The measure is backed almost exclusively by the private medical transport company American Medical Response (AMR), which has so far spent nearly $22 million to support the proposal.

In addition to relieving the company of tens of millions of dollars in labor costs, Prop 11 would also rid AMR of the obligation to pay on millions of dollars’ worth of pending and future lawsuits for meal and rest break violations.

To cloak these true intentions, the proposition is worded to suggest that it would increase public safety by expanding training services for first responders.

“That story sounds good, but it’s just not true,” said Almeida. “We already get this training because it’s already required. For example, we all have to get MCI (mass casualty incident) training to get our state certification.”

Stakes high

The stakes of this ballot initiative are high, which is why USW members across the state are working to defeat the proposal.

Almeida and his local have been networking with members of other area locals, including teachers, firefighters, highway patrolmen and other health care workers, as well as telling their story to the media to help get their message out beyond the labor community.

“We’ve been doing a lot of community outreach,” said Almeida. “It’s our goal is to get the word out to everyone in the whole state.”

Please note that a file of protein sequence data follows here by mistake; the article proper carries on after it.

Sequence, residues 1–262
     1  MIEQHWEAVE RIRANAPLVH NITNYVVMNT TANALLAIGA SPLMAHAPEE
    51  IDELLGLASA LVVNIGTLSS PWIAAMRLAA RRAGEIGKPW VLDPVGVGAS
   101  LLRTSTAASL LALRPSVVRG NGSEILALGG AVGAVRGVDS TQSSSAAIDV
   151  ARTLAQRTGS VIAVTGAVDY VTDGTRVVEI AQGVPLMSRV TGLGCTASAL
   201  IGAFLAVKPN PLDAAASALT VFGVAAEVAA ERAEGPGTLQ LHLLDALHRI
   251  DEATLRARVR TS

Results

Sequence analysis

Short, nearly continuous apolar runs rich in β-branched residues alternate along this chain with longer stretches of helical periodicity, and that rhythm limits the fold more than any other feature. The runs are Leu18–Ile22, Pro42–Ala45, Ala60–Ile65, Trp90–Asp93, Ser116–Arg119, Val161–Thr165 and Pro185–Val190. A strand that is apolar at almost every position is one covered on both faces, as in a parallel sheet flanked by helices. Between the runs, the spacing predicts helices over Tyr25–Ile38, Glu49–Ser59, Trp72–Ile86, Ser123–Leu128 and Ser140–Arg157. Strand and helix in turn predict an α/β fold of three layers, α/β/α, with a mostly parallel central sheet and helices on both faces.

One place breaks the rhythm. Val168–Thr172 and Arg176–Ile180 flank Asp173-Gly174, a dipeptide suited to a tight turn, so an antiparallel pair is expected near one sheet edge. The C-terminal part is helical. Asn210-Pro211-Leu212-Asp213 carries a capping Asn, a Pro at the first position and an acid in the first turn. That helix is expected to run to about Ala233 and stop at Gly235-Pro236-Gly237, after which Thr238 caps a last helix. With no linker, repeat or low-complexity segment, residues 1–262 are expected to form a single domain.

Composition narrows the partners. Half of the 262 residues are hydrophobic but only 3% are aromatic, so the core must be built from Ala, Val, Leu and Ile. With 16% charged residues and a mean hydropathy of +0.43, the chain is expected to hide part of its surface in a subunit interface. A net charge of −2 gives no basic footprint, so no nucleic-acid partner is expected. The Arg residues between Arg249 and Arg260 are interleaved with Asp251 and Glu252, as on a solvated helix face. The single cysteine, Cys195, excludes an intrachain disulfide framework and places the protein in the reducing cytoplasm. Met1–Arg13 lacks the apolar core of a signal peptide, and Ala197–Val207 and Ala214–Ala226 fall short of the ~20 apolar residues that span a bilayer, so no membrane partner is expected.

Other USW members, including those of Local 1853 in Fontana, Calif., and the ProTrans unit of TEMSA Local 12-911, are spreading the word by distributing flyers and going door-to-door to help educate voters.

USW members also joined Freddie Rodriguez last week at a rally outside the state capitol in Sacramento. In addition to being an elected member of the California Assembly, Rodriguez also works as an EMT in the San Gabriel Valley.  

In July, California State Labor Federation affiliates voted unanimously at their 2018 political convention to work to defeat the proposition.

After encouragement from the USW Rapid Response department, the fed has since sent flyers to every union affiliate, reminding them how important it is to vote no on Prop 11. It also included the flyer on its order form and website for free printing, shipping or download so that all locals and central labor councils in the state can order and distribute the information.

USW Rapid Response also sent out a text and email blast to all California activists.  To read the Info Alert, click here.